Until Friday, Kim Kline of west Orange County had a Cold War-era Pershing I missile sitting his backyard.
In the backyard of his west Orange home, Kim Kline prepares his deactivated Pershing I missile Friday for transport to a war memorial in Missouri. (JOE BURBANK, ORLANDO SENTINEL / January 29, 2010)
Built by the Martin Marietta Corp. near Orlando more than 40 years ago, the 33-foot missile — yes, it's deactivated — is now on its way to Missouri, where it will be refurbished and displayed for 10 years at a war memorial.
When it returns a decade from now, Kline hopes to find it a new home in Central Florida.
"That's where it was manufactured," said Kline of the missile that had been rusting in his yard in three pieces for about four years. "That's where it belongs."
Kline is not a military man. He's a surveyor who acquired this piece of Central Florida's history after he saw it sitting by the road in front of a Veterans of Foreign Wars post east of Orlando.
He was told that the missile was going to be scrapped.
"I said, 'Somebody ought to do something with that rocket,' " Kline said.
So he did. Kline loaded the missile, one piece at a time, onto a trailer and brought it home.
The Pershing missile was once a key piece of the U.S. defense arsenal. A midrange surface-to-air missile, it was capable of carrying nuclear warheads. Most of the rockets in the Pershing class were destroyed in the late 1980s, after the 1988 Intermediate-Range Nuclear Forces Treaty.
In the 1960s, Kline's Pershing I missile was displayed in front of the downtown offices of the Orlando Sentinel. The newspaper later donated the missile to VFW Post 4287 on Goldenrod Road, according to the post's commander, Gary Near.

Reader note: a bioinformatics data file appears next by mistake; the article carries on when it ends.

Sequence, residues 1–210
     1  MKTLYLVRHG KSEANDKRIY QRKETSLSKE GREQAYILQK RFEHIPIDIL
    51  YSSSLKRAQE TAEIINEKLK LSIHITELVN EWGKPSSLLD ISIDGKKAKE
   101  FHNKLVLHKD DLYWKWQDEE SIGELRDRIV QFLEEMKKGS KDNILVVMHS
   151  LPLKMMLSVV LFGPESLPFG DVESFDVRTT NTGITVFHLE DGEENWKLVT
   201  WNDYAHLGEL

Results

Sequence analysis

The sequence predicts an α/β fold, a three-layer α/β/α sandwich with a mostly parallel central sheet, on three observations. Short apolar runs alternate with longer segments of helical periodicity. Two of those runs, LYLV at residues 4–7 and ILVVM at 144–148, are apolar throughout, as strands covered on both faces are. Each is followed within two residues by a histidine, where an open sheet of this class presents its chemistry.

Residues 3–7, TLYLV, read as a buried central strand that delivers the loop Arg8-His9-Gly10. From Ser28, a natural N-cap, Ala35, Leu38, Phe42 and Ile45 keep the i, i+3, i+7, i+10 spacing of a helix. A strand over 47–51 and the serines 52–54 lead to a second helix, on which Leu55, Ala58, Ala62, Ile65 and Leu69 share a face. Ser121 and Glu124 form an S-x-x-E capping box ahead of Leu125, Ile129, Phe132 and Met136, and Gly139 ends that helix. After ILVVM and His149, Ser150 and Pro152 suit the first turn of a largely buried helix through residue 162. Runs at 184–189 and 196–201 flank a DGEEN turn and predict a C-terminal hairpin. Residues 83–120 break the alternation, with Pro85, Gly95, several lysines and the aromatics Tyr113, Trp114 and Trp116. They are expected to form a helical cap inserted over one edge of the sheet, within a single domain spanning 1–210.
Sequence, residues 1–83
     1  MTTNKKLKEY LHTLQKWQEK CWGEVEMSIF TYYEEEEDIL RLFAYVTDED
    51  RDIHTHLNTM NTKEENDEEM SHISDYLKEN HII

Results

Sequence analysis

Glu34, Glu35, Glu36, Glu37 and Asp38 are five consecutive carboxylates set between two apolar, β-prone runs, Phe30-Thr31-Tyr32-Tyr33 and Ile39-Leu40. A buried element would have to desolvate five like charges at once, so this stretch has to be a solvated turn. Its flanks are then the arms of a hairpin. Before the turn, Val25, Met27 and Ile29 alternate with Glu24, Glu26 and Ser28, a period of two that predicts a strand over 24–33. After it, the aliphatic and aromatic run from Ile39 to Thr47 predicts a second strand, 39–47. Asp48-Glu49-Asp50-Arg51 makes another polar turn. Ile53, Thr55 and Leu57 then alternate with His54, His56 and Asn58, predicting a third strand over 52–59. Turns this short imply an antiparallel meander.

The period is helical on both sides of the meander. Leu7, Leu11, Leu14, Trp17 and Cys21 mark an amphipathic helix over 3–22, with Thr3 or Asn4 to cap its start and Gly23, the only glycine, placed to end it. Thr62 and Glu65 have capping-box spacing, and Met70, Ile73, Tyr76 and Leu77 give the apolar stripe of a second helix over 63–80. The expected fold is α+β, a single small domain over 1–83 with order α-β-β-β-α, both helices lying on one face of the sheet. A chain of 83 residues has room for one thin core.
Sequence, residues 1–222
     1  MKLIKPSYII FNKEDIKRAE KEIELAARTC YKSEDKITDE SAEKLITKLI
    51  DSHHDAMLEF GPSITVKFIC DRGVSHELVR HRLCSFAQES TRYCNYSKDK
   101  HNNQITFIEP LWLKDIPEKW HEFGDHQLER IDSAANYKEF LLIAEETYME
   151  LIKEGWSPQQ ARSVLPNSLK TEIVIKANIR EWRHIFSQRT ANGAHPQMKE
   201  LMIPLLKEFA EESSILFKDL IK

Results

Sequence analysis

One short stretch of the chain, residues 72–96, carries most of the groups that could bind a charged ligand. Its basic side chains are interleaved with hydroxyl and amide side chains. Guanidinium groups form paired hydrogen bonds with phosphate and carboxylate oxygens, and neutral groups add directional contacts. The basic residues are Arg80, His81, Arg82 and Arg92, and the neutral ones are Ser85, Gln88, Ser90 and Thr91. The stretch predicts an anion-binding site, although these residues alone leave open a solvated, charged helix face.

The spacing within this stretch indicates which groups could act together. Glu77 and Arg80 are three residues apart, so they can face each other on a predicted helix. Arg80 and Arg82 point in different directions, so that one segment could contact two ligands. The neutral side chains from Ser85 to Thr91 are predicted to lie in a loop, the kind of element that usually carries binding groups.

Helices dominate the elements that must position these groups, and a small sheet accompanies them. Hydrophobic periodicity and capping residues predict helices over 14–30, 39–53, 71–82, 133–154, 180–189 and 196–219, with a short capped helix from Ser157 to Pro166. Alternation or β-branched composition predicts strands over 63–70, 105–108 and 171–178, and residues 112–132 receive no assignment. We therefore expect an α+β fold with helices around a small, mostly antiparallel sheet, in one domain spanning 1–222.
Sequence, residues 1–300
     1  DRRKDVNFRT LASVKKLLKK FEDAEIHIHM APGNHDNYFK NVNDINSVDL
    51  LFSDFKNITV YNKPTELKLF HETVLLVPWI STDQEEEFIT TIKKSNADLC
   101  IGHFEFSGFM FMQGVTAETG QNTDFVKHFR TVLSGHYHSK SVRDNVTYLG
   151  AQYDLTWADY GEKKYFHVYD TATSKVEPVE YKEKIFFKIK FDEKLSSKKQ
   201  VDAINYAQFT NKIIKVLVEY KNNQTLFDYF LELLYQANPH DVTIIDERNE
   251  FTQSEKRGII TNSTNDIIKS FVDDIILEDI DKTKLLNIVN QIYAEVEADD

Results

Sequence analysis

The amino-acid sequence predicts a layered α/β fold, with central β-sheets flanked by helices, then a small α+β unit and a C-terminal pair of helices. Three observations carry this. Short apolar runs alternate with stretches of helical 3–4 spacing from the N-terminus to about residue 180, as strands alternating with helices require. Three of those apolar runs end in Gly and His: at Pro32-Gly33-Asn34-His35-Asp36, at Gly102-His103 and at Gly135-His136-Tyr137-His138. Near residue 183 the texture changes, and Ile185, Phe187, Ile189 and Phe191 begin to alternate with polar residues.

Near said the missile was set to be scrapped because the post needed to have a new septic tank installed, and the Pershing was in the way.
When he asked about the missile, Kline received a response more appropriate for a junked car than a defunct missile: If you can tow it, it's yours. Kline jumped at the opportunity to own a relic from Central Florida's past.
Before Disney came to town, Central Florida was known for its defense-technology industry.
Martin Marietta Corp., part of the present-day conglomerate Lockheed Martin, came to Central Florida in the 1950s.
The company was an industrial giant in the region for decades, employing thousands. Kline sees the missile as a reminder of a vital part of the area's history.
However, Kline was unable to find anyone who felt strongly enough to foot the bill to refurbish and display the relic.
Jeff Stanford, media-relations director for the Orlando Science Center, still remembers the day Kline called and offered the center a missile.
"It wasn't feasible for us," Stanford said.
Kline eventually widened his search area significantly. When family in Missouri told him about a war memorial with expansion plans, Kline found his match.
He negotiated a deal. The Special Operations Plaza memorial in Jackson, Mo., would restore the missile in exchange for the rights to display it for 10 years.
"It'll look just like it did when it came off the assembly line," promised Kenny Pohlman, an assistant to the memorial's owner who made the long drive to Florida to get the missile.
On Friday, with a winch and some chains, Pohlman dragged the rocket onto his trailer. It will be in Missouri before the weekend is out.
Kline knows that if he can't find a local benefactor, his missile may never return from Missouri.
"If nobody down here wants it, it'll have a permanent home," Pohlman said.
Jeff Weiner can be reached at email@example.com